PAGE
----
• 1, 2 The question, therefore, succinctly stated, is whether there is an ambiguity in this mutual agreement or, as the plaintiff indirectly states, whether this court is being asked to in effect make a new agreement for the parties thereto. It is patent that a court does not have the power to make a new agreement for the parties or by construction to write a new agreement into which the parties have not entered. (Knockaert v. Studebaker Corp. (1967), 84 Ill. App.2d 16, 228 N.E.2d 101 (abstract opinion).) Likewise, where the terms of the agreement are plain and unambiguous, the instrument itself is the only source of the intention of the parties. (Decatur Lumber Co. v. Crail (1932), 350 Ill. 319, 183 N.E. 228; see also Freeland v. Edwards (1957), 11 Ill.2d 395, 142 N.E.2d 701.) All provisions of an agreement such as words, phrases and clauses, are presumed to have been inserted deliberately and for a purpose. (Industrial Commodity Corp. v. E.J. Brach & Sons (1968), 92 Ill. App.2d 163, 235 N.E.2d 857.) The record herein does not indicate who in fact prepared the mutual agreement but it does appear that the same was prepared through the efforts of attorneys for both of the parties. Further, the construction given an agreement by a trial court judge will not be set aside unless contrary to the manifest weight of the evidence. (Spitz v. Brickhouse (1954), 3 Ill. App.2d 536, 123 N.E.2d 117.) We find herein, however, that the construction given by the trial court as to the mutual agreement in question is contrary to the manifest weight of the evidence.

• 3 In Schek v. Chicago Transit Authority (1969), 42 Ill.2d 362, 364, 247 N.E.2d 886, 888, the court stated:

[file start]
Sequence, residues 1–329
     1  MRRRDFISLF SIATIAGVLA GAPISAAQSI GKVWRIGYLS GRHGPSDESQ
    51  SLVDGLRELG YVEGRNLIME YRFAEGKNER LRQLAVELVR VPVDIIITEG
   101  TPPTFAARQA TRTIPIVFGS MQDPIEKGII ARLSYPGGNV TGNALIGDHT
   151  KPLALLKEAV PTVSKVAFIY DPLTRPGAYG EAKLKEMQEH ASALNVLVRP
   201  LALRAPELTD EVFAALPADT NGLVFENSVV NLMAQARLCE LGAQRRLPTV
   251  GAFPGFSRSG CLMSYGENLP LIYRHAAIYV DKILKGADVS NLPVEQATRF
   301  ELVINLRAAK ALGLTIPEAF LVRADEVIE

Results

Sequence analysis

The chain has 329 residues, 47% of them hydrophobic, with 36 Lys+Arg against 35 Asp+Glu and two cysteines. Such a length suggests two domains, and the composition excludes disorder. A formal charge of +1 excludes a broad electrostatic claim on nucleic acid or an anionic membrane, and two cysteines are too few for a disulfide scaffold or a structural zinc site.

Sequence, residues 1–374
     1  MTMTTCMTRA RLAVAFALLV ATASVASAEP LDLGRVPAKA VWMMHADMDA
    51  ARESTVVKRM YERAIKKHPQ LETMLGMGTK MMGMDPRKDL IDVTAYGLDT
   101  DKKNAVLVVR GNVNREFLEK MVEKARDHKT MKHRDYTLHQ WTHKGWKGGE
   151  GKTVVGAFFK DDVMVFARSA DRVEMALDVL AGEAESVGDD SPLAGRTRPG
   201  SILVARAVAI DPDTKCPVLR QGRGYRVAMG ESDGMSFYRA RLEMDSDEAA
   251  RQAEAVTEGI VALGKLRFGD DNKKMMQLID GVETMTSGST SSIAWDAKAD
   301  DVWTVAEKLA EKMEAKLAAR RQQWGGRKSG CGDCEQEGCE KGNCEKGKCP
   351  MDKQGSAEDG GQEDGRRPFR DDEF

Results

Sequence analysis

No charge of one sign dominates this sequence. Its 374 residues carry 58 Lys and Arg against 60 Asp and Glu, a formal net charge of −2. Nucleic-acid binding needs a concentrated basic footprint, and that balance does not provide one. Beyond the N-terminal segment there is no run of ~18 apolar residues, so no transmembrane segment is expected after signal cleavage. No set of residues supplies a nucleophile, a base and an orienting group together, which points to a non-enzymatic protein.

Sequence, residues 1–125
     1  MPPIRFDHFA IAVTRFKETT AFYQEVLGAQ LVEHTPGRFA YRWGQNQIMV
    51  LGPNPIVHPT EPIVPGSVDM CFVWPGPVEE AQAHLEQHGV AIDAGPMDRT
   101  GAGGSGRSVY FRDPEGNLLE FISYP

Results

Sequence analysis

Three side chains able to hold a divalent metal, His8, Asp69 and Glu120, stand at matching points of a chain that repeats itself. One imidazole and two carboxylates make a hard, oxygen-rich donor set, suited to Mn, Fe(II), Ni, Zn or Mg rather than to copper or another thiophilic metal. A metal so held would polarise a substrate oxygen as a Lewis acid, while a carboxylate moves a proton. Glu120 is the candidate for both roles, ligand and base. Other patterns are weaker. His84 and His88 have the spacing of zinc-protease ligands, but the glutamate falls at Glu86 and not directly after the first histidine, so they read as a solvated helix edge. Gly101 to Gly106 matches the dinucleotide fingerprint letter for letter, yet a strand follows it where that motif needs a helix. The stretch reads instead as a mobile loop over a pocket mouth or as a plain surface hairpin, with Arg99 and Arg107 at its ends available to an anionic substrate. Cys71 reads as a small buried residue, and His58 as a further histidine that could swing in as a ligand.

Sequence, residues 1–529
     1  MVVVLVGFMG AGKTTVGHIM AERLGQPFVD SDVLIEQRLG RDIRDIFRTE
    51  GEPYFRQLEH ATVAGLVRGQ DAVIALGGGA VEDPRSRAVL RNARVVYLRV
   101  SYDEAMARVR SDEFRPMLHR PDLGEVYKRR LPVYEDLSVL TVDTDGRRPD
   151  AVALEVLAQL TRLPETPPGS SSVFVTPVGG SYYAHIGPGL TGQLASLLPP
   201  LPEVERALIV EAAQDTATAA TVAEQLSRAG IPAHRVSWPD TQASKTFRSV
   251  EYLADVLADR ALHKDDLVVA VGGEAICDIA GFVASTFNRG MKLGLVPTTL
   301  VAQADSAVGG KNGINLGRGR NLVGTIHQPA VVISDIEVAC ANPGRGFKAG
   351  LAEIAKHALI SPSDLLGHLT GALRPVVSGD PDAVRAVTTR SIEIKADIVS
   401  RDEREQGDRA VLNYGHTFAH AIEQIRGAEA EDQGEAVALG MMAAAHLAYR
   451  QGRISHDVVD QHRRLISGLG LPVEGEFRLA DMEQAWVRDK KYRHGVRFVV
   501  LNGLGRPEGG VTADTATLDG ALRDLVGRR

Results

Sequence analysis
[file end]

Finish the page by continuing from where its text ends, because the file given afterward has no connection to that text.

"The primary object in construing a contract is to give effect to the intention of the parties involved."

In Schiro v. W.E. Gould & Co. (1960), 18 Ill.2d 538, 543, 165 N.E. 286, 290, the court, in criticizing the defendant's argument for construing a real estate contract therein stated:

"Defendants merely seek to avoid any obligation by giving the contract a technical interpretation, contrary to the basic tenets of construction, and contrary to the obvious understanding of the parties."

Similarly, the defendant herein argues in favor of a technical and unusual construction of the word "rent" to mean "net rent." We do not find the word "rent" to be an ambiguous term. The parties hereto were represented by counsel and it is to be presumed that the lawyers in preparing this mutual agreement used the term rent in its ordinary meaning. To construe the word "rent" to mean "net rent" would in effect be rewriting the mutual agreement for the benefit of the defendant. We find nothing in the mutual agreement that would indicate that it was the intention of the parties, as contended by the defendant, that the word "rent" was intended to mean rental monies received less utilities, maintenance and managerial expenses advanced. None of these terms appear in the mutual agreement.

The order of the trial court that plaintiff recover nothing from the defendant is reversed and the cause is remanded with directions to the trial court to enter judgment for the plaintiff in the sum of $4,873.

Reversed and remanded with directions.

SEIDENFELD, J., concurs.